body of Christ. The blood of Christ.”
We say, “Amen.”
Why do we say
“Amen.” Did they think that would be a
good place to stick that word in?
But the Amen is really
when you and I are saying, “I know the
bread and wine are the body and blood of Jesus Christ.” Why do we keep saying
“Amen.” Because when we say “Amen” what
we are saying, “My Lord and my God. I
know exactly what I’m doing here. This
is not an empty ritual.”
Our faith is so
rich and invites us over and over again to grasp and to say, “I know that God is in my life. And sometimes I’m fearful, and sometimes I’m
not sure if God is listening. But maybe
it’s because I’m the one not listening.
Maybe I’m asking for something that is absolutely ridiculous in my life,
and it is not going to help. It is just
something I want.” Rather say, “God.
What do you want to give me today?
What is it that I need from you?”
The other day I
was with a young man who had just attempted suicide. He has no faith. In trying to help him to grasp how important
his life is, I told him what a difference it would make if he would bring God
into his life. There is something there
that he is not understanding. There is a
ritual that he’s missing. This is the
third time he has wanted to leave all of us.
But he is one of
us. You don’t have to know who he is,
you don’t have to know where he lives, you don’t have to know anything about
him. He is one of us. That’s why our faith has to be so alive so it
rubs off on others. That’s why we sign
ourselves. That’s why we hear the same
Gospels over and over again.
And that’s why we
say, “Amen,” and receive Eucharist.
Because we never know when some fear is going to come in and we are going
to be like Thomas and not sure if God cares if we are dead or alive. That’s the moment that God will say, “Come here.
Put your finger in my hand. Put
your hand right here in my side. I’m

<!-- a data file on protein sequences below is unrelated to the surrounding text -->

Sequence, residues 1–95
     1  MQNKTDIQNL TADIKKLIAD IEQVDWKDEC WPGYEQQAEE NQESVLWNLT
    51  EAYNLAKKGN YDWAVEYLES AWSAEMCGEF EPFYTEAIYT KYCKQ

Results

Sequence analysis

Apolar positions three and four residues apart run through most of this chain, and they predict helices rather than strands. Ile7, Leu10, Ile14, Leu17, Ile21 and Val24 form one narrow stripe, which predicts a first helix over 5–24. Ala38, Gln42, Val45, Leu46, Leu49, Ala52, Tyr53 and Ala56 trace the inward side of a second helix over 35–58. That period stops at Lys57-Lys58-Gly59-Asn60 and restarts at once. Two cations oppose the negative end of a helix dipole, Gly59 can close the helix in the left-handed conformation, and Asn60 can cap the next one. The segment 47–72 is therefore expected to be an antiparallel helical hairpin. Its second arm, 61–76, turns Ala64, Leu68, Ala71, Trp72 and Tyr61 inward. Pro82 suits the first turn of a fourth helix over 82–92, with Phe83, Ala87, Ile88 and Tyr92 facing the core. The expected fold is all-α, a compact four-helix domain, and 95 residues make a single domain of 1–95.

God. I’m here for everyone.”
That’s why God
says we should always keep our faith alive because we never know what is going
in the middle of the night I was called to the hospital. A young woman was in Intensive Care. She and a young friend were out riding their
motorcycles up in Iowa and, bingo, a deer came out of the woods and ran right in
front of them and they hit head on.
She was flown to
Quincy. He was flown to Iowa City. They said,
“Father, we think she is probably brain dead. We don’t know if she is going to make
it.” Here was a beautiful young woman
and it was her moment to just say, “My
Lord and my God. If you’re going to take
me home, or if you’re going to leave me here — all I know is that this is what
it’s all about.”
We’re living on
the edge all the time and that’s good because when we are on the edge we have
to stay awake. We have to embrace all of
this, and we cannot separate.
If God put us
here, as the first reading said, “to share everything,” when we take time to
call to mind our sins what we need to think about is, “Am I really taking care of my neighbor? Because if I don’t take care of my neighbor,
and my neighbor says, ‘I really don’t care about her,’ then what happens to
that person? And where are we?
But if we come
together and we know we are one family and we need to share these rituals, the
richness of our faith, then everything starts to come together. And so may you and I just say, “My Lord and my
Every time I go to
visit my Mom and Dad’s graves, and mine is right there, and on the tombstone my
parents had inscribed, “My Lord and my God.”
We are the people
of God, and that’s what Thomas was making clear when he said, “My Lord and my
God, how could I not know you, and believe in you, and follow you.
Send me wherever
* * *
Monsignor Michael Kuse is pastor of Blessed Sacrament
Parish in Quincy, Illinois.